BySilverscreen Snob, writer at Creators.co
Someone who loves to talk about film... the good, the bad and down right weird! www.silverscreensnob.co.uk
Silverscreen Snob

Director - Bryan SingerStarring - Hugh Jackman, James McAvoy, Michael Fassbender, Jennifer Lawrence, Patrick Stewart, Ian McKellen



X-Men is the oldest franchise that Marvel currently have in their ever expanding film universe. However it has been surpassed by the Avengers, both in their stand alone films and the juggernaut that was Avengers Assemble. Then Matthew Vaughn's prequel, X-Men: First Class (2011) shot some much needed life back into the series and things started to look up. But could the franchise keep it up? Now Bryan Singer, director of the first two mutant films, is back and has the mammoth task of combining both sets of actors and giving us a film more credible and entertaining than the dismal X-Men: Last Stand (2006).



Without giving too much away, the plot revolves around Magneto and Professor X (McKellen and Stewart) sending Wolverine (Hugh Jackman) back in time to 1973 to see... Magneto and Professor X (Fassbender and McAvoy). Their mission is to change history and prevent the war that will wipe out mutant kind. And thus we go from old cast to new.



James McAvoy plays a broken Charles Xavier with raw anger and sadness, far removed from the all-knowing calm figure of Stewart. He is a joy to watch as he struggles with his power.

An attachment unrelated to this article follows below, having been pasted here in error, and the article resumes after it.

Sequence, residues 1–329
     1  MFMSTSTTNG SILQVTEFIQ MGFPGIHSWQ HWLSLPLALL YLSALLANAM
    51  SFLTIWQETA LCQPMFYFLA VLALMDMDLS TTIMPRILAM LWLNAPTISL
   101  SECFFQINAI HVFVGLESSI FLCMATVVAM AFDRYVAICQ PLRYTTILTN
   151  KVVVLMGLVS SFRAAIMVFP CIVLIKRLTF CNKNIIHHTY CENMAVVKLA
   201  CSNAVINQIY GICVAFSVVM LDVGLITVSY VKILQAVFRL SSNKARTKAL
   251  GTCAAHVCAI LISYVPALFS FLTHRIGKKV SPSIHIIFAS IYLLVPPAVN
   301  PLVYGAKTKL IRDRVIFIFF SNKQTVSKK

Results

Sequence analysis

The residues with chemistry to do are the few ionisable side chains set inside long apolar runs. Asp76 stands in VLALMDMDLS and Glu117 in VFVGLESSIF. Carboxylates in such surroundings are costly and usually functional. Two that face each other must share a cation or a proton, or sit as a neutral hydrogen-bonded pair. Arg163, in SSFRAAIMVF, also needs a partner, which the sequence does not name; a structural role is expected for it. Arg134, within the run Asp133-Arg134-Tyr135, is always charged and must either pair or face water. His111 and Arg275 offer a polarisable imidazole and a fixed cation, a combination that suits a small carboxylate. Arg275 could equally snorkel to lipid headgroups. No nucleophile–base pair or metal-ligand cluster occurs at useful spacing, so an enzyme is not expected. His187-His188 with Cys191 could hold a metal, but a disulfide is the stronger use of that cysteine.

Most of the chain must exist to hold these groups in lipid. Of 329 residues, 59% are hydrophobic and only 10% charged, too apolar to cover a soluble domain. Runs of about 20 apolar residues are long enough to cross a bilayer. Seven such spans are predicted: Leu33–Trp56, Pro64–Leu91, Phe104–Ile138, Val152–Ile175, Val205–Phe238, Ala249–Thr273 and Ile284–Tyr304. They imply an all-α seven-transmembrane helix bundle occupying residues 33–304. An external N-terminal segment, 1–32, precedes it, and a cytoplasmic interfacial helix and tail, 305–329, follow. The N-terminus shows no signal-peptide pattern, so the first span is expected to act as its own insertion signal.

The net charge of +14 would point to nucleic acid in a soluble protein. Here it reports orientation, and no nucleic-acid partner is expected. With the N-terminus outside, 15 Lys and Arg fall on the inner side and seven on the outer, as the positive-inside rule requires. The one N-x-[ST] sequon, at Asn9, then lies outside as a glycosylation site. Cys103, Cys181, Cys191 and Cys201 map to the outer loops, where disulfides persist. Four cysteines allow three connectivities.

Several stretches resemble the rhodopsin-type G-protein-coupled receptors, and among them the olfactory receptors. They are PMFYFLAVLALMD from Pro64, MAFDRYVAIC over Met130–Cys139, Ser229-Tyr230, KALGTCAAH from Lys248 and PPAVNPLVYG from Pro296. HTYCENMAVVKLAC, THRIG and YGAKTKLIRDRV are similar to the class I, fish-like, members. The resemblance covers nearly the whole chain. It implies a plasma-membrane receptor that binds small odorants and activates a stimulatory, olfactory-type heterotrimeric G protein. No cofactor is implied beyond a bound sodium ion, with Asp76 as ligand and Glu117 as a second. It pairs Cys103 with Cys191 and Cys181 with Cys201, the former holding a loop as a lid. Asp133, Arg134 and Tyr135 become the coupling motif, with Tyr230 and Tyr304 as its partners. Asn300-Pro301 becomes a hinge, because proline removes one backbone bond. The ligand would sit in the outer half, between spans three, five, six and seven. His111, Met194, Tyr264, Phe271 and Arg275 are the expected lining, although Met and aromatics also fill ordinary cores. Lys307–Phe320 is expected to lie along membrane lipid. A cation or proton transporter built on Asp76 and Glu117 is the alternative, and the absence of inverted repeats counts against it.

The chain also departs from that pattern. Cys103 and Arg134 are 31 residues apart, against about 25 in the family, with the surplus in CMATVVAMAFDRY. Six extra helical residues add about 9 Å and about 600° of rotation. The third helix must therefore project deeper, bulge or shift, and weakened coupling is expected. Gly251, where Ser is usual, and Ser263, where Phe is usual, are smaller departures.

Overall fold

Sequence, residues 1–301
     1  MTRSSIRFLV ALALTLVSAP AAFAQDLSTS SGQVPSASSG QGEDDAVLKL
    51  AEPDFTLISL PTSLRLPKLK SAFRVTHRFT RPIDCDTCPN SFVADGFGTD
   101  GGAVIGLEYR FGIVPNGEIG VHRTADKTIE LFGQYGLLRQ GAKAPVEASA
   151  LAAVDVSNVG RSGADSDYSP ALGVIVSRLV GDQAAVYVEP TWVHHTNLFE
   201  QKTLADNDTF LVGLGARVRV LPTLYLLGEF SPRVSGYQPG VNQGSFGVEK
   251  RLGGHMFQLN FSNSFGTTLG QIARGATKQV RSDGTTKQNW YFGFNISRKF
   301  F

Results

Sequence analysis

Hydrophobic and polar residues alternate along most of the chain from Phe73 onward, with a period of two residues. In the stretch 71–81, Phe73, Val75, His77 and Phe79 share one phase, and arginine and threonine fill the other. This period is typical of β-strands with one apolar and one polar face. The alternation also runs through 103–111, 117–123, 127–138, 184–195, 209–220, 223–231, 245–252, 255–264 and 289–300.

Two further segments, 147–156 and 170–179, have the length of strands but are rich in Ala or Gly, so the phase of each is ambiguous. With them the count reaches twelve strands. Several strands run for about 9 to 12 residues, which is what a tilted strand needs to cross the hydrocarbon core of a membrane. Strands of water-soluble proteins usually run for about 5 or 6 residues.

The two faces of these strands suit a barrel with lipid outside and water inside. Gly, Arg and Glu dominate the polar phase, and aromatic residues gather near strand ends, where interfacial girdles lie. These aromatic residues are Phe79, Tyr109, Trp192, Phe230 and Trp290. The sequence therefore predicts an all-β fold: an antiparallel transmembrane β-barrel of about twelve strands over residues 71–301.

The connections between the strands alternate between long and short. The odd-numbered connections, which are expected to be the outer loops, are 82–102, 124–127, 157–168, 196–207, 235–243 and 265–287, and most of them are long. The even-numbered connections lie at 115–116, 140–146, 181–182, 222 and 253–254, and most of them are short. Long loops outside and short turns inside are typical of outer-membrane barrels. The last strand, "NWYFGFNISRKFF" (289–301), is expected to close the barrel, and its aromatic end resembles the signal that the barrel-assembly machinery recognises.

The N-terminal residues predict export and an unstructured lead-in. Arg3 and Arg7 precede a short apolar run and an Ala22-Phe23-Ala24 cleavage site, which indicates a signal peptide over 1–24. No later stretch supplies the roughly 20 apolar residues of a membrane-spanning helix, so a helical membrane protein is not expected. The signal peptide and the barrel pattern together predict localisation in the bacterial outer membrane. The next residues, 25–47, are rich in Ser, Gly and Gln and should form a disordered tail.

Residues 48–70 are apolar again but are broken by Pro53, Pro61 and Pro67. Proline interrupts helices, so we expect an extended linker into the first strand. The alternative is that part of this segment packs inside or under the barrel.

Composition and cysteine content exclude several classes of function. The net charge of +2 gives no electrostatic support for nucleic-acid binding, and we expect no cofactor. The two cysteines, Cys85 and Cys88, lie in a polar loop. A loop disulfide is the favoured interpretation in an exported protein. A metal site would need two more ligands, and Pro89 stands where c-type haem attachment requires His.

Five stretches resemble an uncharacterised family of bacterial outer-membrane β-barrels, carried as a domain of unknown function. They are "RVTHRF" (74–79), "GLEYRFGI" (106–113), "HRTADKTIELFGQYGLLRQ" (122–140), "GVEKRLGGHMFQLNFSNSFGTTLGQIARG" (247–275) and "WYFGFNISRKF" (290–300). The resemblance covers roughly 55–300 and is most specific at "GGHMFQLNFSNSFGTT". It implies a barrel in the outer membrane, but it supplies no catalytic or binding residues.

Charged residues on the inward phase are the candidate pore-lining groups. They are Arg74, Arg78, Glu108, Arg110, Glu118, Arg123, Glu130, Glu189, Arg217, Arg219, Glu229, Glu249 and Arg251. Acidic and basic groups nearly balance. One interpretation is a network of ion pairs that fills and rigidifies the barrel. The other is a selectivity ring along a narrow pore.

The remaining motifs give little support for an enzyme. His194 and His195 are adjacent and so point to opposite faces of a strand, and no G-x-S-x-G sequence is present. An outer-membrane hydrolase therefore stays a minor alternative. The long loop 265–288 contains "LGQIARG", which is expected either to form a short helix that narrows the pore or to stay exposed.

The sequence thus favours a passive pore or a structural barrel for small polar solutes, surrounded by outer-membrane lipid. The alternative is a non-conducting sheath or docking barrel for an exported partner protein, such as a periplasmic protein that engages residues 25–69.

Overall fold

Fassbender is also a wonder, never overplaying a role that could have led to scenery chewing of the highest order. The chemistry between both actors is amazing, I just wish they had more time together.


Jennifer Lawrence has made the role of Mystique/Raven her own (Rebecca who??) She is sexy, sassy and focused but has not yet grown into her evil persona of the original films, which means we can truly love her (for now anyway).


And onto Jackman. You just have to look at the posters to see he is supposed to be the star of the film and there is no denying that he has been consistently good even as the films diminished in quality. While he does play an important role in the plot, he sometimes acts as merely a foil for the new cast but what a foil he is. Special mention goes to Nicholas Hoult's Beast who has grown as a character even if his screen time isn't extensive.



I couldn't write a review without mentioning Quicksilver. I admit that when I first read about the character being included I was sceptical. I truly believed that Singer only did it to piss off Whedon and the folks at the new Avengers film. But Evan Peters is a blast as the super speedy mutant who, despite his limited screen time, makes every scene he's in his own. His performance is an obvious contrast to the serious portrayal that Aaron Taylor Johnson will probably give in Age of Ultron (if the mid-credit scene in Captain America: The Winter Soldier is anything to go by). Also, there is a cheeky little nod to his parentage; brought a smile to my face.



The film itself is well paced... action and emotion in equal balance. The 131 minute run time passes by without feeling like it is starting to lag. The mixture of high quality digital and grainy 1970s film is used to great effect. As with most Marvel films, stay until the end of the credits for a peak into what lies ahead for X-Men.



There are a few niggles I have (at the beginning of the film Wolverine's claws are back to being made from adamantium which pretty much negates anything that happened in The Wolverine) but for the most part Singer brings back the familiar and fans can feel safe in his capable hands.



Rating - 8/10


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